Justin Trudeau. File
Steve Scherer, Reuters
Canada’s Liberal Prime Minister Justin Trudeau is poised to trigger a snap election two years ahead of schedule, betting that high vaccination rates and a post-pandemic rebound will help him prolong and strengthen his grip on power.
Trudeau, 49, is eyeing September for what would be his third election, sources said. He first won a majority in 2015. But in a federal vote two years ago, after decades-old blackface pictures surfaced, Trudeau came up short of a majority, forcing him to depend on opposition parties to pass legislation.
The Liberals need to pick up just over a dozen more seats in the 338-seat House of Commons to be able to govern on their own. A fall vote would be “an election of inches, not giant steps. We’re looking at 15 seats or so,” said Allan Tupper, professor of political science at University of British Columbia at Vancouver.
“Failure would be not to win a majority ... and repeat the status quo,” Tupper said.
If Trudeau were to get only another minority, it would almost certainly lead to questions about whether the party needs a fresh face, analysts said. The official opposition Conservative Party has consistently lagged in polls, suggesting Canadians could reward the Liberals for their handling of the pandemic.
There are precedents that look promising for the Liberals. Four of Canada’s 10 provinces held elections during the pandemic with the sitting government winning every time.
With a majority in the House of Commons, Trudeau would have a free hand to follow through on his stated policy priorities of fighting climate change and supporting those who suffered most during the pandemic.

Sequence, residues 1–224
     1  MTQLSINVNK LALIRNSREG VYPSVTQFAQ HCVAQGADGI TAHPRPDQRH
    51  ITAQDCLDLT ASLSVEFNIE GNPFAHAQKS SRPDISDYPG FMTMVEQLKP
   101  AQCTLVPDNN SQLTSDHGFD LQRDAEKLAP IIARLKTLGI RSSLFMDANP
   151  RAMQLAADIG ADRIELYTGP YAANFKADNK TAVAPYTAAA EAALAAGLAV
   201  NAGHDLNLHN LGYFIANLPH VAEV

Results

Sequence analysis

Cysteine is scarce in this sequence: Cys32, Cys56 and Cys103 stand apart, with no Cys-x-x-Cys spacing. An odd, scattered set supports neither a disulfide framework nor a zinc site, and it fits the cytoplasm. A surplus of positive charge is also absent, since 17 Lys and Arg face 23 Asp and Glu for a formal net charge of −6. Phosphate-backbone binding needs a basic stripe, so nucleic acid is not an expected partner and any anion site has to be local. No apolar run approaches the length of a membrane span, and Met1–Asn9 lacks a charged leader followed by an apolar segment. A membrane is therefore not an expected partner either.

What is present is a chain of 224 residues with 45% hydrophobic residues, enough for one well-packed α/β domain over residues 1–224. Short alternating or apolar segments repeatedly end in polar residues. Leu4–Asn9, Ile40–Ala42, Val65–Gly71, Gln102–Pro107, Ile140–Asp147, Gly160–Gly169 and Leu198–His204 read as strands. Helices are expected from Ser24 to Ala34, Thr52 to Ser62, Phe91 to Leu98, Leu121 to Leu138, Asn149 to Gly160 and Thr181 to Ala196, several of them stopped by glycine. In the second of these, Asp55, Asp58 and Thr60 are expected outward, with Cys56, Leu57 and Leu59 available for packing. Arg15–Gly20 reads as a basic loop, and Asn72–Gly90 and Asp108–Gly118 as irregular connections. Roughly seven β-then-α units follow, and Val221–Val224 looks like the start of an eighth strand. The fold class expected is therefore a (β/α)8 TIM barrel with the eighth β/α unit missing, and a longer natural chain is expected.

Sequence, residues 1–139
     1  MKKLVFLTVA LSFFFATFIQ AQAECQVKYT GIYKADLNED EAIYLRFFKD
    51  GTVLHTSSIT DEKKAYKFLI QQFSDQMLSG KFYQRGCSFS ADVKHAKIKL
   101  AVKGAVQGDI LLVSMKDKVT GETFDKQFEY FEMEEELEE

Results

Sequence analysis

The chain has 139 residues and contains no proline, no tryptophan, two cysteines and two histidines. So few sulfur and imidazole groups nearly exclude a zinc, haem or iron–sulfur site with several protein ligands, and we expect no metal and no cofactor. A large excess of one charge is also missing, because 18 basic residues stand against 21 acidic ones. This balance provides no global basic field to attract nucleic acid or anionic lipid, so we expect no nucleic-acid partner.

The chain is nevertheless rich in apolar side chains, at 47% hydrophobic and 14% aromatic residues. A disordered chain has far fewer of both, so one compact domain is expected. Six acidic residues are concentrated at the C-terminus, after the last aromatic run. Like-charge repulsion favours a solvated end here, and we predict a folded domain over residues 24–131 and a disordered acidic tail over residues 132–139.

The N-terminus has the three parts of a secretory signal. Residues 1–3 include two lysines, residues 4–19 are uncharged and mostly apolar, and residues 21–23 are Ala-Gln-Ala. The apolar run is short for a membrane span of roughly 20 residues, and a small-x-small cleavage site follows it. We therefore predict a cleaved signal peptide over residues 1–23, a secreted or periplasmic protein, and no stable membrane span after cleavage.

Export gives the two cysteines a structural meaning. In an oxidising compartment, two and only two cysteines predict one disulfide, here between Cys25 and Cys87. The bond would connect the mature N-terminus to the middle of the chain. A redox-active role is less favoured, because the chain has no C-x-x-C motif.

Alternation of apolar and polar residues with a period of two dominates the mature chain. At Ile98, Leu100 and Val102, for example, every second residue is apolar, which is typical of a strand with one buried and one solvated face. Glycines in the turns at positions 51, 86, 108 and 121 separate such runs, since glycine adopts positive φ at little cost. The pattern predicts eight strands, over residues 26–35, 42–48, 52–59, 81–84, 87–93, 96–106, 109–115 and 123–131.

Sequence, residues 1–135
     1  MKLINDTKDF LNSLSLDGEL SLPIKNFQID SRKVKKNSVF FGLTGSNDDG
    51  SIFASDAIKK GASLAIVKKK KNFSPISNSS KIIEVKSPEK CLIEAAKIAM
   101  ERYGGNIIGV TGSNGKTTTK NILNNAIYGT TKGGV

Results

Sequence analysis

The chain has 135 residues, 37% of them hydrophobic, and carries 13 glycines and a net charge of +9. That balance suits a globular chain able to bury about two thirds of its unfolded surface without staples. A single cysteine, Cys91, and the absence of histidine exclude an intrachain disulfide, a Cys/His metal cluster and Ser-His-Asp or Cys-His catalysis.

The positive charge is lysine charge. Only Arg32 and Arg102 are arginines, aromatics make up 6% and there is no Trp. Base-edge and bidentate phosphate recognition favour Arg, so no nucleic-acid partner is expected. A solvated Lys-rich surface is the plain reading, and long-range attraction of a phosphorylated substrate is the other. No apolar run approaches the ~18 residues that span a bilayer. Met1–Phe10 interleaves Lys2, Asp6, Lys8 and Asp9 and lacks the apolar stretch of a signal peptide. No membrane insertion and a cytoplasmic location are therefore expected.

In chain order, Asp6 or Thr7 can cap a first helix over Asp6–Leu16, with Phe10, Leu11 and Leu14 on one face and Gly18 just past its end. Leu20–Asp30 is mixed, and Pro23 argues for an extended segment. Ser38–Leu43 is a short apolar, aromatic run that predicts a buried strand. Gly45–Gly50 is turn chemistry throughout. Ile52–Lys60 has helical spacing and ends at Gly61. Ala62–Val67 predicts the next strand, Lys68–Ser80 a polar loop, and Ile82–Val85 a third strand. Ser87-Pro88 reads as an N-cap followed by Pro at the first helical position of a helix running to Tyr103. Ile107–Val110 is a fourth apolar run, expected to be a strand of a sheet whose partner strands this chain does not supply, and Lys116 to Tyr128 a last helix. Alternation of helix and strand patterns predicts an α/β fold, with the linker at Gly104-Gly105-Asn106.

Pollsters say there is a window this fall in which the Liberals could win a majority, as Canadians embrace the freedom of being vaccinated and the latest budget injects billions of dollars into the economy.
Nationally, Liberals would win 34%, compared to 29% for the Conservatives and 22% for the left-leaning New Democrats, pollster Leger said in a survey published last Wednesday.
That is probably still short of a majority, but polls by other companies have put the Liberals further ahead.
The timing of the election is important “because the pandemic has been a highlight in the Liberal government’s performance in the eyes of Canadians,” said Shachi Kurl, executive director of polling firm Angus Reid Institute.
In the first quarter, 45% of adults said the COVID-19 response was by far the top issue on Canadian voters’ minds, but in the third quarter it was the ninth issue at 19%, an Angus Reid poll from July 16 shows.
“So Justin Trudeau now has to stay in this sweet spot wherein the pandemic is still on the minds of Canadians,” Kurl added.
COVID-19 case numbers are down dramatically, as are hospitalisations and deaths, and vaccination levels are among the highest in the world.